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Volume 4 Number 8
New teacher induction . . . what does that have to do with me, a veteran educator?
It Takes a Community
to Induct a Teacher
August Columns
August Articles
August Regular Features
August Informational Items
Gazette Home Delivery:

Letters to the Editor...
unnoticed, important information in the Arkansas Benchmark

The "Arkansas Benchmark Exams" contain an
important finding which has gone unnoticed.
When math and literacy data are plotted,
using 4th-grade and 8th-grade data,
essentially every line declines for every
district. This may be evidence the problem
is in our children, not a result of
disparate teaching methods and finances.
(Schools have never been able to produce
this kind of duplication, even under court
order.) The scores are higher before
puberty, fall during puberty, and continue
to fall following puberty. I suggest this
is part of the "secular trend," the
increase in size and earlier puberty in our

In the early 90s, I produced an
explanation for this decline: "Simple
Explanation for Out-of-Hand Kids,"
Northwest Arkansas Times, "Opinion," April
15, 1993. I suggest increasing testosterone
participates in human evolution (Rivista di
Biologia / Biology Forum 2001; 94: 345-
362). Periodically, testosterone increases
too much; this may be one of those times.
People of higher testosterone are
increasing. People of higher testosterone
are more aggressive and sexual; they make
babies faster. Given time, they will
increase in percentage within a population.
This increase in the percentage of
individuals of higher testosterone is, I
suggest, the cause of the secular trend.
(Some say the "trend" is due to increased
nutrition; increased calories simply
accelerate reproduction.) As the percentage
of individuals of higher testosterone
increases, their characteristics increase.
I suggest this is why we are seeing yearly
declines in education.

It is known that testosterone is
significantly connected to learning
disabilities: "Salivary testosterone levels
in 264 children without learning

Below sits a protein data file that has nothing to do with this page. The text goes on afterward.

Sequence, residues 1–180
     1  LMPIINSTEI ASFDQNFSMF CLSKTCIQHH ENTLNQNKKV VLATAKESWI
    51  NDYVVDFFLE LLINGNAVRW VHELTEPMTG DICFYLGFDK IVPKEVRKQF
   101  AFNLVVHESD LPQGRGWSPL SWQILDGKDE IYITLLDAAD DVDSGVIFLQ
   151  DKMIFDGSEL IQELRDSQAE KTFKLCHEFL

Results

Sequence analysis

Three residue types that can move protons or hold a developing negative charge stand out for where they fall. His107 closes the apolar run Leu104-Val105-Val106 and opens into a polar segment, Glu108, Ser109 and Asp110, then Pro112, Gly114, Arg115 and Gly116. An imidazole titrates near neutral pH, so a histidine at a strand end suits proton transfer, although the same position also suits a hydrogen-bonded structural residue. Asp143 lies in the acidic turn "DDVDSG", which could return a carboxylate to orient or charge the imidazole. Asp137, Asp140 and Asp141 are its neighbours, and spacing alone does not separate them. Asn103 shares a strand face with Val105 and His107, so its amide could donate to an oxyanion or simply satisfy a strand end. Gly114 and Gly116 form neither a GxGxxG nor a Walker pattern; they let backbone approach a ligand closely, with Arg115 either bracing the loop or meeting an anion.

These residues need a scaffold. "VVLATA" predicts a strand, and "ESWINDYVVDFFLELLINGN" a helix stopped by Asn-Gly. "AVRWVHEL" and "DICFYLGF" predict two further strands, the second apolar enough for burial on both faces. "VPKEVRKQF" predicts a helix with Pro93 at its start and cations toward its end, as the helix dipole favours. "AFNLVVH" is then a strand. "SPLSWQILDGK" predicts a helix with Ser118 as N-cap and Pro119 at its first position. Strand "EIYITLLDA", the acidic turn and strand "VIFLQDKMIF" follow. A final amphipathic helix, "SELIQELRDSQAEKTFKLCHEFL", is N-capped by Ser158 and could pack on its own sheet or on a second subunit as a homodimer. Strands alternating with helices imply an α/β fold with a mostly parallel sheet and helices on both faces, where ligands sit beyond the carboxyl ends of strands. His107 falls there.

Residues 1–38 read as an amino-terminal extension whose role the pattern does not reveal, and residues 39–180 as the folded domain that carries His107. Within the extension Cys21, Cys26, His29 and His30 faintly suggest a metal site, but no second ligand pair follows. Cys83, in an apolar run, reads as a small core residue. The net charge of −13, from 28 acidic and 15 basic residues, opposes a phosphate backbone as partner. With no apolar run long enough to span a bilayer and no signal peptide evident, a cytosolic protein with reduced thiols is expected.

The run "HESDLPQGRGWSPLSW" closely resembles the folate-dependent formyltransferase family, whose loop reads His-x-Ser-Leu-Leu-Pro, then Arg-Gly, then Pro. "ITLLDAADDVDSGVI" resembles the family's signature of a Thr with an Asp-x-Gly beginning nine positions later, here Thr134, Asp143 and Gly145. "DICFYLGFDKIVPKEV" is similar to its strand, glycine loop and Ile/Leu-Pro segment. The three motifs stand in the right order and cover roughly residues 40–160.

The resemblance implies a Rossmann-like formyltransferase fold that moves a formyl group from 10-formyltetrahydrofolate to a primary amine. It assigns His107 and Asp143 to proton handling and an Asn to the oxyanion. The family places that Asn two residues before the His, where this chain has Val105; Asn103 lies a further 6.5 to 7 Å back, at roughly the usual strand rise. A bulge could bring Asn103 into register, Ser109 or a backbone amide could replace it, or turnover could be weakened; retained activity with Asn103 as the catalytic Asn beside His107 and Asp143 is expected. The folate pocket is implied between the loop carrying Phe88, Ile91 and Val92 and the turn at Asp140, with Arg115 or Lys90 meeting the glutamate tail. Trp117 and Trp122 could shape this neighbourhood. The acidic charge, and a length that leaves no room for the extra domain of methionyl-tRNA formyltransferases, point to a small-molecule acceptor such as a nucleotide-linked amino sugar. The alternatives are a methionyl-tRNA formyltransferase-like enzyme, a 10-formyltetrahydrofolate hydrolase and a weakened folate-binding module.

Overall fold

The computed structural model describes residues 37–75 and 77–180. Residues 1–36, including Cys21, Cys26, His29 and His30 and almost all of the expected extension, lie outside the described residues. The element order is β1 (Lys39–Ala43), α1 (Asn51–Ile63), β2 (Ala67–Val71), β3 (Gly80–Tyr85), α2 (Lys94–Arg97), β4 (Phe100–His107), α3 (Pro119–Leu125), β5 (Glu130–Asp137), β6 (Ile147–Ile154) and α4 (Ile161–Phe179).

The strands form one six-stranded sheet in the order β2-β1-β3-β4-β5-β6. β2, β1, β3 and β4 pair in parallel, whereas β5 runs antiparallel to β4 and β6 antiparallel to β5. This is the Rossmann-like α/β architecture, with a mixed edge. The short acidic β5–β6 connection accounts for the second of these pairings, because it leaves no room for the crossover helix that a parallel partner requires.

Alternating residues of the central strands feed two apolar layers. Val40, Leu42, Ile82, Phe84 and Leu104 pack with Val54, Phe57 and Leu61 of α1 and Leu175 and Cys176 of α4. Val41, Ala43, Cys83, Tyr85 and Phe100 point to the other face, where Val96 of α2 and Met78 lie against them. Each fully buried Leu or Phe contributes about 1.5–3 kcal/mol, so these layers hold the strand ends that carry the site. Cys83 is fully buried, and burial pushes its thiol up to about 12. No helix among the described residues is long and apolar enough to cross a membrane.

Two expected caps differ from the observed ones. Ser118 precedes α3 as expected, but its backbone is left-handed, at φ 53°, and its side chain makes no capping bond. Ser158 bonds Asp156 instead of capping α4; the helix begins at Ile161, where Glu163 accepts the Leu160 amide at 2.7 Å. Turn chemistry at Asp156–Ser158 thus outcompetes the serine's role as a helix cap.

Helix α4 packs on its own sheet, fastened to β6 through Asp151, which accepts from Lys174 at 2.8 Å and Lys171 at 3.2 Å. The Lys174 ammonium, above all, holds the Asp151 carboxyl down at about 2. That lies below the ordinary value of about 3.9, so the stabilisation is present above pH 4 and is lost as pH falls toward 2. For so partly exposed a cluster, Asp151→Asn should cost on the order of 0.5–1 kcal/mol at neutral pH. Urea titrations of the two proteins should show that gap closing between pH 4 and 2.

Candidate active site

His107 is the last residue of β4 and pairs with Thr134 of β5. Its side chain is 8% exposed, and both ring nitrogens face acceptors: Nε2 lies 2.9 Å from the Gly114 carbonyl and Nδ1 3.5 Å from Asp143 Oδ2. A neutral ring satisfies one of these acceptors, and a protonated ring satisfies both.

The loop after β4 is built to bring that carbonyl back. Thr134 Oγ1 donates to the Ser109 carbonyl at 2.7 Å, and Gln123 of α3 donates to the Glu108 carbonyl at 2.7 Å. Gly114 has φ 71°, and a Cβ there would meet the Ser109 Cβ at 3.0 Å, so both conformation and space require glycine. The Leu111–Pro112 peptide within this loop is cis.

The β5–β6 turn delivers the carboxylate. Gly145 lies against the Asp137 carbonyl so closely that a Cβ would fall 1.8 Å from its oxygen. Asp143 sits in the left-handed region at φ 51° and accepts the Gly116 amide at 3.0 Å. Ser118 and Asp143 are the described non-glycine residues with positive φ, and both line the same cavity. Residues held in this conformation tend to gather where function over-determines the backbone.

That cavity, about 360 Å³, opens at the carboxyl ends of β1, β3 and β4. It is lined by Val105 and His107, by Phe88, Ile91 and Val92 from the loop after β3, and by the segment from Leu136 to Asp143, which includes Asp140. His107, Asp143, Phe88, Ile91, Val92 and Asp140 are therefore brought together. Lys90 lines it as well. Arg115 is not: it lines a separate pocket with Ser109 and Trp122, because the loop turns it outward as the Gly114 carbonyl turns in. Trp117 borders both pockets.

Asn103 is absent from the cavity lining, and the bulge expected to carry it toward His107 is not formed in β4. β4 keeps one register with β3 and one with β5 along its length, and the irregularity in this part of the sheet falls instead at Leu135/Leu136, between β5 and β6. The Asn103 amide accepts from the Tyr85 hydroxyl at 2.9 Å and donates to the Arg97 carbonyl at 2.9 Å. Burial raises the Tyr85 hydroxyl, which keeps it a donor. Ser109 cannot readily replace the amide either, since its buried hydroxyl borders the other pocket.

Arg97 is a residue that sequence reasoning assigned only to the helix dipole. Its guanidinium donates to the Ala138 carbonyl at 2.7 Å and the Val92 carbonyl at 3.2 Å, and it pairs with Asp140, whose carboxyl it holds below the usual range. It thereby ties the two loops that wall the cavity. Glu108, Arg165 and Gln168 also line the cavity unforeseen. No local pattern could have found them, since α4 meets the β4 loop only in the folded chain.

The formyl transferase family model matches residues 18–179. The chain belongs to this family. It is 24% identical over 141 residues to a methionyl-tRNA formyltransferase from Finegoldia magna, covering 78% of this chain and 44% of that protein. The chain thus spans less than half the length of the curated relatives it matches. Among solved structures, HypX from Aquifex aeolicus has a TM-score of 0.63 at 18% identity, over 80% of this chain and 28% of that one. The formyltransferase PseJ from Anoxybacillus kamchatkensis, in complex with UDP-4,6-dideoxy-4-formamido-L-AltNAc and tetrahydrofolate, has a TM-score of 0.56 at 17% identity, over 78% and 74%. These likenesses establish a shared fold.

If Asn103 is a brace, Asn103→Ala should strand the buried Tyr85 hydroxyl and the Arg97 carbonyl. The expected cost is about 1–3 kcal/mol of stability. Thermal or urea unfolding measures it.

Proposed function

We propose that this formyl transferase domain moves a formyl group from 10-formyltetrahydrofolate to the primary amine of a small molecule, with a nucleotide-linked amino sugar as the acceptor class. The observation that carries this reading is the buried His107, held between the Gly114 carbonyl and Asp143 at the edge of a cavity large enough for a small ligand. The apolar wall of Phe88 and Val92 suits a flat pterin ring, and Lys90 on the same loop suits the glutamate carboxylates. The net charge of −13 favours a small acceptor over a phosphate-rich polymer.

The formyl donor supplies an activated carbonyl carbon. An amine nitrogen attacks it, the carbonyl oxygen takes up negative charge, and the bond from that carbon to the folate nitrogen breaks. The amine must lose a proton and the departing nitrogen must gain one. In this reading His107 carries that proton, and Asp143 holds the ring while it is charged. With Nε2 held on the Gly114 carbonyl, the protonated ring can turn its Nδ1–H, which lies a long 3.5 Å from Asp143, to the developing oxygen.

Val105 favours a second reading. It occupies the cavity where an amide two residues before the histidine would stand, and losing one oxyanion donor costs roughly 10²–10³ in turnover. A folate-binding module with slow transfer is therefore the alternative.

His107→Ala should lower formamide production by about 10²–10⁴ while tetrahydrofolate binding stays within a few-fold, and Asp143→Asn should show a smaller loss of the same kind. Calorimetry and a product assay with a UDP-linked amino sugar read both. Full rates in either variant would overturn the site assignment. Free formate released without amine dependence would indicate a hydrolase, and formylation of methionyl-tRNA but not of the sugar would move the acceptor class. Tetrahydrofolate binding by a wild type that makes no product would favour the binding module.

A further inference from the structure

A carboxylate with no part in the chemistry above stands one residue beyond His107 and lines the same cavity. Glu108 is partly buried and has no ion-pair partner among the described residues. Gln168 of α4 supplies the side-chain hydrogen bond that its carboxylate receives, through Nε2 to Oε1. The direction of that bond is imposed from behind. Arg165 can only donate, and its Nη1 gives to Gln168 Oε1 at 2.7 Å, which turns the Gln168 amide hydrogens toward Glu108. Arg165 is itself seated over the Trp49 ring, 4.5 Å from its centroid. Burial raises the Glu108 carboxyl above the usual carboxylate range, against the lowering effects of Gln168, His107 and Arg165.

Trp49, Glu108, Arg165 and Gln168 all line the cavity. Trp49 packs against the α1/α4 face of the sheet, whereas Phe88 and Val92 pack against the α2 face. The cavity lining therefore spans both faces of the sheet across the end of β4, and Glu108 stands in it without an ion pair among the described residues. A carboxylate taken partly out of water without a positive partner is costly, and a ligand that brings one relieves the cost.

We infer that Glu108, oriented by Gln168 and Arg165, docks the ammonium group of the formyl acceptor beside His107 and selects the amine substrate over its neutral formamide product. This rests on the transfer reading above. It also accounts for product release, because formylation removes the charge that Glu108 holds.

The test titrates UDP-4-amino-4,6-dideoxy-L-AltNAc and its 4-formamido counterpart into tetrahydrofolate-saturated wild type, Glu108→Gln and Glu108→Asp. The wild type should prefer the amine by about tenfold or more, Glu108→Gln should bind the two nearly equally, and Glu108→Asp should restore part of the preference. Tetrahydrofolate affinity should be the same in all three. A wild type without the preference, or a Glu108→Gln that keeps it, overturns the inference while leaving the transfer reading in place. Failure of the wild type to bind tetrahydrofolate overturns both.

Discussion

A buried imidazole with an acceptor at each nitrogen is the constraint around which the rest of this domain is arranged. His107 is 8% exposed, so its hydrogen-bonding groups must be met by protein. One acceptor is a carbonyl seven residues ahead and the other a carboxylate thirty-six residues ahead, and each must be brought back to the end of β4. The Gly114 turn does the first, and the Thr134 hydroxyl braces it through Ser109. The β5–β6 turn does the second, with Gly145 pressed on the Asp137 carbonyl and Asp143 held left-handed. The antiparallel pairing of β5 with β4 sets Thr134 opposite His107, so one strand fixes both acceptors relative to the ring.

disabilities (133 males, 131 females) were
measured and compared to that in 32
children with learning disabilities (25
males, 7 females). The presence of learning
disabilities was significantly associated
with higher salivary testosterone."
(Physiology & Behavior 1993; 53: 583-6).
Another study, with the caveat that the
subjects were 47,XXY males, found a
relationship quite similar to the findings
of the literacy section of the Arkansas
Benchmark Exams: "The findings indicated
that verbal IQs measured prior to puberty,
during puberty and at mid-adolescence were
strongly related to relatively early
pubertal onset and testosterone levels."
(Clinical Genetics 1992; 42: 31-4).

I suggest a continuum exists with very high
levels of testosterone causing "learning
disabilities" and lesser amounts adversely
affecting the ability to learn. [At some
point, testosterone levels are actually
beneficial to learning; this may be why
women are doing better in mathematics and
sciences at colleges and universities.]
This will affect individuals, groups, and
genders differently. Blacks and males
produce more testosterone than other groups
and educational achievement directly
parallels these levels. Before we use our
scarce money to make children from small
towns leave their homes to go to large
towns, lets make sure we are right. I do
not think negligent teachers, lack of
money, or "the boys are doing poorly at
school because we want them to do well in
sports" are the real reasons for the
ongoing decline in education in Arkansas
and the U.S.A. Environmental "fixes" are
not going to solve this problem or make all
children equal.

James Michael Howard

1037 North Woolsey Avenue

Fayetteville, Arkansas 72701-2046

James Michael Howard,,

This month's letters:

  • School Linking, 8/29/03, by Tia Hind.
  • testing reading performance, 8/25/03, by Byron Harrison.
  • Question, 8/20/03, by ivan cheng.
  • insurance and hospitalization , 8/14/03, by Lewis Blalock.
  • Accreditation, 8/12/03, by Gordon Fulwood.
  • ATD American Co., 8/08/03, by Jerry Zaslow.
  • restricted postings, 8/05/03, by Terri.
  • unnoticed, important information in the Arkansas Benchmark , 8/05/03, by James Michael Howard.


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